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So much free parking. So many empty schools. So many aborted and half developed exurbs, suburbs. Such low rent. So many hollowed-out malls with shifty-eyed security guards and put-upon bored kids. Such cheap produce. So many aging classmates who never left. What a lovely parks system. What a dirty lake. So many new casinos. Such unbelievably wide pot holes. What nice turnpike pit stops. What a low sales tax and minimum wage. What a greying population.

Our grandparents or parents moved here to have children, to make steel or cars, to teach at the college, to work for NASA, to mine salt from underneath Lake Erie. The schools were good then they say. The land was cheap, but there were plentiful amenities. It was a proper city, but not an intimidating one. Eastern Time, rustbelt industry, nonregional dialects, diverse-ish populations, Midwestern sensibilities. Such promise. What times they had. The suburbs grew for decades, schools and houses appearing steadily. And now they shrink, dry out, and empty.

Researchers call it the Cleveland Brain Drain. We grow, we suck all the nutrients from the dirt, we learn, we save our money, and we leave.

We take jobs in the eastern cities, with their steep rents and narrow streets; we hide in expensive, drafty bars in Chicago or St. Louis, bragging about what we know; we add degrees or men’s surnames to our names; we flee to LA or San Fran or France or Lebanon and show everyone back home all the pictures. We are smiling and small against big backdrops.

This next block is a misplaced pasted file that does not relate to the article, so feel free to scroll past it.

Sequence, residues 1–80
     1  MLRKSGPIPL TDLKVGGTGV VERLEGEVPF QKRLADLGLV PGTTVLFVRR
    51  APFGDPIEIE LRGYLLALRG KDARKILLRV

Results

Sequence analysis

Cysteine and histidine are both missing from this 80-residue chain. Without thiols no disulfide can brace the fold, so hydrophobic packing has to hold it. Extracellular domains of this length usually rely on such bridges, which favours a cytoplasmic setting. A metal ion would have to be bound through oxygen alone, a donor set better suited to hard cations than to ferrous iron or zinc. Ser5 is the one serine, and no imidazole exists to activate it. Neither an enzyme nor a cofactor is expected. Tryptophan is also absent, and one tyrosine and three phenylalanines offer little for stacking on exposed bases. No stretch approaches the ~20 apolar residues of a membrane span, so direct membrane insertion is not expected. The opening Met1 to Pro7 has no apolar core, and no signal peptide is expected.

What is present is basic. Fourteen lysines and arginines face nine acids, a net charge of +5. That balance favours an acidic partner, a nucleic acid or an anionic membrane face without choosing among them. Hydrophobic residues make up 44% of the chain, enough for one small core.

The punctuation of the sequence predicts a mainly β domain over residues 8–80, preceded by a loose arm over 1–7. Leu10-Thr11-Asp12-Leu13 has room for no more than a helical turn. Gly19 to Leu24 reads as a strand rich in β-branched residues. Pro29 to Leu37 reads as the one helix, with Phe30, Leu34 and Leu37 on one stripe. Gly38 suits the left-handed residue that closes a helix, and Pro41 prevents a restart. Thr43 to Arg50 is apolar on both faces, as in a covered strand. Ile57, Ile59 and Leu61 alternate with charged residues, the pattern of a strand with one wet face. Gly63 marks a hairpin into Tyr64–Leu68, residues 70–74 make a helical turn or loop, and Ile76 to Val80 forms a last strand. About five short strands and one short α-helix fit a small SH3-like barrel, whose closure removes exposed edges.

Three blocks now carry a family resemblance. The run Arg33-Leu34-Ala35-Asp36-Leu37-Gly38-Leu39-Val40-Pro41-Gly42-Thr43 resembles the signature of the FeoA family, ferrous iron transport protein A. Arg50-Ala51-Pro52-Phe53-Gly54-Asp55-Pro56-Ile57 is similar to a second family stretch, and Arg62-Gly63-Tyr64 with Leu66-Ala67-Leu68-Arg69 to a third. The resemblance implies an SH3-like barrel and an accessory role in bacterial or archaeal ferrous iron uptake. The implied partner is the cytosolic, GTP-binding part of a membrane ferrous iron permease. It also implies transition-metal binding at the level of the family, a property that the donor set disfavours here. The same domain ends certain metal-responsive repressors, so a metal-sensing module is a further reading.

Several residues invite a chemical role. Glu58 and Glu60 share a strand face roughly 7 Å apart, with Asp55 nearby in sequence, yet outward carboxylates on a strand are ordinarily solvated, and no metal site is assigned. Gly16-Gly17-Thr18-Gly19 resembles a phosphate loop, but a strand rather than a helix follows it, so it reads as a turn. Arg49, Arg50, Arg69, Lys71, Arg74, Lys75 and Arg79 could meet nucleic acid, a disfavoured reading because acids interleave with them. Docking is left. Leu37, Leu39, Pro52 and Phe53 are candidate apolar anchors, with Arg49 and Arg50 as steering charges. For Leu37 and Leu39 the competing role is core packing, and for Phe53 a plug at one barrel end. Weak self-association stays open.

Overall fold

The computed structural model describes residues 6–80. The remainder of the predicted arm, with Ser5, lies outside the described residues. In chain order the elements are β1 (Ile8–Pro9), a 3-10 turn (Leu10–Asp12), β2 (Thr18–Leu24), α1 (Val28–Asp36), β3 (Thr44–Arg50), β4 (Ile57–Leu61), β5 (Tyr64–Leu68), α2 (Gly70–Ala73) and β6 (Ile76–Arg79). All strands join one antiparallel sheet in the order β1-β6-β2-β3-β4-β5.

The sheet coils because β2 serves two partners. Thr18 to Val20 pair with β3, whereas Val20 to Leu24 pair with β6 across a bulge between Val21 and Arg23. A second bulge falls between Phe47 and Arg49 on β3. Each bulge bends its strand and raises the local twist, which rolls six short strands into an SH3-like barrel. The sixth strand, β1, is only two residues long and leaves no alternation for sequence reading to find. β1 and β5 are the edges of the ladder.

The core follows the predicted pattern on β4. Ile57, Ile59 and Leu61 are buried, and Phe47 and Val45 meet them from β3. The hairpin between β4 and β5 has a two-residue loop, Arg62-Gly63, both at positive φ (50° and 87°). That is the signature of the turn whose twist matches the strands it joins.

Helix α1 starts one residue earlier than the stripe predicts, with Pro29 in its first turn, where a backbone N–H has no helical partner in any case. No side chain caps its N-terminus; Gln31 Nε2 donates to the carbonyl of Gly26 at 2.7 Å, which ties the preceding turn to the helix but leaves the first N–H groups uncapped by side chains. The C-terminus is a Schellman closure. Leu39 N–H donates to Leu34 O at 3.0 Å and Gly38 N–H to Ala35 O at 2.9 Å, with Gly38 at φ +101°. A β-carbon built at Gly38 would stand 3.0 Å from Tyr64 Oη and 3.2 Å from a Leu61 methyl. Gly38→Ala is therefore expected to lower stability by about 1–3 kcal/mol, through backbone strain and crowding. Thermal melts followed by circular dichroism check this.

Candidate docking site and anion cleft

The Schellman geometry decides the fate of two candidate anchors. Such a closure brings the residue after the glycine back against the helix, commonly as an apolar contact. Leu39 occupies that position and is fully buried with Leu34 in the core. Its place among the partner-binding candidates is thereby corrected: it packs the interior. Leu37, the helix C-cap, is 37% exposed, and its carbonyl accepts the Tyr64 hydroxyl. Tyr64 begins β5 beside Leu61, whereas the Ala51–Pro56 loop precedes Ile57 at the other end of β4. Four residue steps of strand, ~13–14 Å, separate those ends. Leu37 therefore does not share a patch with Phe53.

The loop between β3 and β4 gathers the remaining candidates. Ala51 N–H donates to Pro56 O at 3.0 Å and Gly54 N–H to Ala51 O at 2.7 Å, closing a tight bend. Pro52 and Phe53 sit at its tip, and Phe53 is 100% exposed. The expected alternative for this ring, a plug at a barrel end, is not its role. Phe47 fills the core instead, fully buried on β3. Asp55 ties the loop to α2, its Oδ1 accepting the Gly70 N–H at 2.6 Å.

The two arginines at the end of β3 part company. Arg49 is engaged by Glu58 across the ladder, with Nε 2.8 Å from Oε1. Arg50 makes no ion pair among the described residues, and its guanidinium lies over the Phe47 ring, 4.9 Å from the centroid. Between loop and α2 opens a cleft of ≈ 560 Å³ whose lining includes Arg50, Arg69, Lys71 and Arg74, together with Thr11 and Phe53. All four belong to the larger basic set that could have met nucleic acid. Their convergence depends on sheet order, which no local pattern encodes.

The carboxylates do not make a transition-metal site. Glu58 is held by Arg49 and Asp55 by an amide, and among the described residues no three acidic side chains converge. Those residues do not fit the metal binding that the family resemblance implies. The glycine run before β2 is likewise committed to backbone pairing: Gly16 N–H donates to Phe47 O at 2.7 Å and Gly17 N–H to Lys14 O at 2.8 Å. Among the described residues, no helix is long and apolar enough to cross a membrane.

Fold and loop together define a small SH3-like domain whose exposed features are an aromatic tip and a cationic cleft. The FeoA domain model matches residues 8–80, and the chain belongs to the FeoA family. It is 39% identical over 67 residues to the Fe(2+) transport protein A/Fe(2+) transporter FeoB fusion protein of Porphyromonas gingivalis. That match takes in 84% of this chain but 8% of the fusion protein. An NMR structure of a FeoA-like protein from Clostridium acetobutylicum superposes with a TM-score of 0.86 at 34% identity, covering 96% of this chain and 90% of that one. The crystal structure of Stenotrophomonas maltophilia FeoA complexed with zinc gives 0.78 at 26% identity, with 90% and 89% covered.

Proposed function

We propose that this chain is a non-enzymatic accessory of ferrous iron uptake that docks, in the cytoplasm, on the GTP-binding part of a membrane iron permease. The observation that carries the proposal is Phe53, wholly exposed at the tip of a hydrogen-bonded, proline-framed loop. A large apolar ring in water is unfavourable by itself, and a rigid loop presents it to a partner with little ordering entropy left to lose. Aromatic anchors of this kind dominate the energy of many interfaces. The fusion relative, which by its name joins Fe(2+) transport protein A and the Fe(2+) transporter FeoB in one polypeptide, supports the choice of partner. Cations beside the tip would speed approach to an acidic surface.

We come back briefly to collect Christmas presents, roller coaster rides, hugs, memories, estates, condolences. We do not call enough. We spend our money on stupid craft brews that all taste the same – bitter – instead of on plane tickets.

We are statistics. We move by trends, like the grandparents and parents who brought us here. They placed their roots beside the veins of salt that ran beneath the lake. We have placed thin roots in the air. They quiver and shift as the times do.

When we visit, we enjoy the low sales tax, eat the 99 cent peaches, roam the empty sidewalks, reflect in the windows of our closed-down high schools, and prepare to leave again. A huge hunk of us stays. But not the brain.

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